The Joker Is Wild (Charles Vidor, 1957)

Joker Is Wild 4I’ll be writing about a few Frank Sinatra films between now and the end of the year – I can’t promise to update very frequently, but hope to cover a few movies. After having seen little-known biopic The Joker Is Wild on TV recently, I just can’t understand why it isn’t available on DVD. For my money, this is a great movie of its kind, and Sinatra gives a compelling performance which is up there with his roles in The Man with the Golden Arm and From Here to Eternity. The difference here is that he has a chance to sing – and he expresses the character’s suffering through his voice. Sadly, I get the impression that biopics are somewhat out of fashion at the moment. This one is even more overlooked because it is the story of a largely forgotten comedian, Joe E. Lewis – who was actually a friend of Sinatra.

The film was directed by Charles Vidor, who also made a better-remembered biopic, Love Me or Leave Me, starring Doris Day and James Cagney, a couple of years earlier.  This one has the same bitter-sweet quality, and similarly showcases musical numbers within a dramatic context. However, unlike the Doris Day film, The Joker Is Wild is in black and white, and it has a rather more downbeat feel to it. The early scenes are set in the late 1920s and early 1930s, and it feels very like a Warner film from that era, with the same kind of gritty atmosphere. (Cinematographer Daniel L. Fapp was a camera operator on many such films in the pre-Code era.)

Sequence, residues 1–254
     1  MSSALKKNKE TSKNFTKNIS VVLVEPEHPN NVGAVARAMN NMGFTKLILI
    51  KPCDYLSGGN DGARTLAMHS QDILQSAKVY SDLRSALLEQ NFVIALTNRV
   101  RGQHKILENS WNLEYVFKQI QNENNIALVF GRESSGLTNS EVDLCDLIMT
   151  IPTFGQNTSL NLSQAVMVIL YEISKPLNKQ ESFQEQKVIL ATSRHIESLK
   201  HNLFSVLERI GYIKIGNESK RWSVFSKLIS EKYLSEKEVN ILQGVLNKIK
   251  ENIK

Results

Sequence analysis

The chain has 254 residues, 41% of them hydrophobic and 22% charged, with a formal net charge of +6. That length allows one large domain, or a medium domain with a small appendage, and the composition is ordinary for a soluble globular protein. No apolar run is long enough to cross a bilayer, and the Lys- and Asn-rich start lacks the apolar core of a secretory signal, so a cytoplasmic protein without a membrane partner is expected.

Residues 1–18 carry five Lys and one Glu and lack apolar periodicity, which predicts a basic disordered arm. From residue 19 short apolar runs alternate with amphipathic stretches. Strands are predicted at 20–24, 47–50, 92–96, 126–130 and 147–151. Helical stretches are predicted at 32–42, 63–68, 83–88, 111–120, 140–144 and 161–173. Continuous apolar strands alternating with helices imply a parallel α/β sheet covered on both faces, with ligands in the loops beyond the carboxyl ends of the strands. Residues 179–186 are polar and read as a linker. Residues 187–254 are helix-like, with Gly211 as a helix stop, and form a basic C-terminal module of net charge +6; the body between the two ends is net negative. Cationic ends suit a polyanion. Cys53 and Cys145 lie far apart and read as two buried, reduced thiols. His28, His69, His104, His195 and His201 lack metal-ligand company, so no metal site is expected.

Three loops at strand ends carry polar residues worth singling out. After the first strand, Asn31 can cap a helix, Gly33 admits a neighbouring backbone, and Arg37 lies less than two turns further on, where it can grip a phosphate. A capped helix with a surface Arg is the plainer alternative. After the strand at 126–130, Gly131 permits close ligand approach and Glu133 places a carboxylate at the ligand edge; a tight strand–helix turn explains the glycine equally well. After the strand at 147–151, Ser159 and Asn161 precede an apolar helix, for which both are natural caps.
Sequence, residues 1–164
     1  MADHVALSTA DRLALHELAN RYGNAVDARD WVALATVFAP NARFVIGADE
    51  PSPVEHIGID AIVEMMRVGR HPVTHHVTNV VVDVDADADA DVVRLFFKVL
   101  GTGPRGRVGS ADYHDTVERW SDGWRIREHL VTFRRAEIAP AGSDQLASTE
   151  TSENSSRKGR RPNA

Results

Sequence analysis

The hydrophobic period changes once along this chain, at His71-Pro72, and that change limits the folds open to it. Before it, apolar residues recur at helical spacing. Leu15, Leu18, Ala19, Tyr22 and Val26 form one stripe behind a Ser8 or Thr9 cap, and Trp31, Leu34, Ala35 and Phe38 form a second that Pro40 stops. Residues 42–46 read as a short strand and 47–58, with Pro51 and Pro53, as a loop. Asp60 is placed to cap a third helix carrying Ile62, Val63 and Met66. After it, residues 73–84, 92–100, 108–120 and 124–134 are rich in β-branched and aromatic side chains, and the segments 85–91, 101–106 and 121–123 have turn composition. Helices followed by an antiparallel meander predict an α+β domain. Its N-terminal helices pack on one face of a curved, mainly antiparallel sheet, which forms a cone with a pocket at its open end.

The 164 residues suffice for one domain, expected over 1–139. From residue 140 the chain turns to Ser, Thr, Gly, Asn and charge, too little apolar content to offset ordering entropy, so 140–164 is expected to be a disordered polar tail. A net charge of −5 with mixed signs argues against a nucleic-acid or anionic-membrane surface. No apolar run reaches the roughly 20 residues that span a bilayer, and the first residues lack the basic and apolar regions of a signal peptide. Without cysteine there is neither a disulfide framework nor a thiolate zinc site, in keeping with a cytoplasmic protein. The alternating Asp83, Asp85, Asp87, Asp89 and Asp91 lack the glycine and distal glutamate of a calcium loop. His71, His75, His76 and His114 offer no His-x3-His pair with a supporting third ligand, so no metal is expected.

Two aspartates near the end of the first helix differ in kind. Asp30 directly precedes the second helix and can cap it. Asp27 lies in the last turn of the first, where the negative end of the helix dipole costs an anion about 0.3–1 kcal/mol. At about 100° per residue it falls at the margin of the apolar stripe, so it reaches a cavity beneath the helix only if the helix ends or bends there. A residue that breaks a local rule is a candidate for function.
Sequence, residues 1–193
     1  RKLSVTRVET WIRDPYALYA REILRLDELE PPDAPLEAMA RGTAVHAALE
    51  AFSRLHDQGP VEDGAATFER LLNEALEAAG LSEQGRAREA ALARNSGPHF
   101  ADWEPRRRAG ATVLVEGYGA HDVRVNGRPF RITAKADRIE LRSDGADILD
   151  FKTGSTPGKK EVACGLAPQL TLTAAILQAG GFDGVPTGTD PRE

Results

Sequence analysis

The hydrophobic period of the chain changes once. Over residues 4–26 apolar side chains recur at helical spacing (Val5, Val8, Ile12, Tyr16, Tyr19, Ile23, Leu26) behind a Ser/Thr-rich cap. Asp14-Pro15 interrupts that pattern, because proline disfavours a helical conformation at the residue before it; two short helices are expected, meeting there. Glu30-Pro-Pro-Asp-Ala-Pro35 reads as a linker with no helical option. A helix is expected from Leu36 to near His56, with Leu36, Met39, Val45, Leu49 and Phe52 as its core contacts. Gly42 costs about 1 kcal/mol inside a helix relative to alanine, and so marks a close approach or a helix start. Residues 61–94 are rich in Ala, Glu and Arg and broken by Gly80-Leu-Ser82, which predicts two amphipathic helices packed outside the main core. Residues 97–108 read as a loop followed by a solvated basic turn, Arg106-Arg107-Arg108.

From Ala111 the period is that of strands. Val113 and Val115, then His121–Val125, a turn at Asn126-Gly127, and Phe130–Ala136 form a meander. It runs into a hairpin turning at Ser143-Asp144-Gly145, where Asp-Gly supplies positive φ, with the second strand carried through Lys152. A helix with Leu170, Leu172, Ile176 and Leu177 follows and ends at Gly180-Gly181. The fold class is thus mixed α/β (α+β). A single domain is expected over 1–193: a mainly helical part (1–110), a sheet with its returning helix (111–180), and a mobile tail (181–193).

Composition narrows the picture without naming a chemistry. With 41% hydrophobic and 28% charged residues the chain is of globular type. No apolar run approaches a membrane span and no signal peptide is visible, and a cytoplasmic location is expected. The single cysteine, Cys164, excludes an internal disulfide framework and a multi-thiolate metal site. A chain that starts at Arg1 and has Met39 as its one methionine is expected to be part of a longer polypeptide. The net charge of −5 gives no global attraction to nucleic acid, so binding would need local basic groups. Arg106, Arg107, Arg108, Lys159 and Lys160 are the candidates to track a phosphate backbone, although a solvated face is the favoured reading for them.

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Oliver Twist (Frank Lloyd, 1922)

Oliver Twist 1922 1After watching Frank Lloyd’s early silent feature A Tale of Two Cities (1917),  I couldn’t resist taking a look at the second Dickens silent he directed five years later. This one is much better-known, because it has a more famous cast, headed by Jackie Coogan as Oliver and Lon Chaney as Fagin – and it is also available on DVD (it is the centrepiece of the BFI’s region 2 DVD Dickens Before Sound, and I believe there are other releases too) as well as online. Here’s a link to a Youtube version for anyone who would like to watch it online, but, be warned, the musical soundtrack for this version is extremely repetitive! I’m puzzled by the  poster shown left which mentions a song, but I suppose there must have been one played at the original showings.

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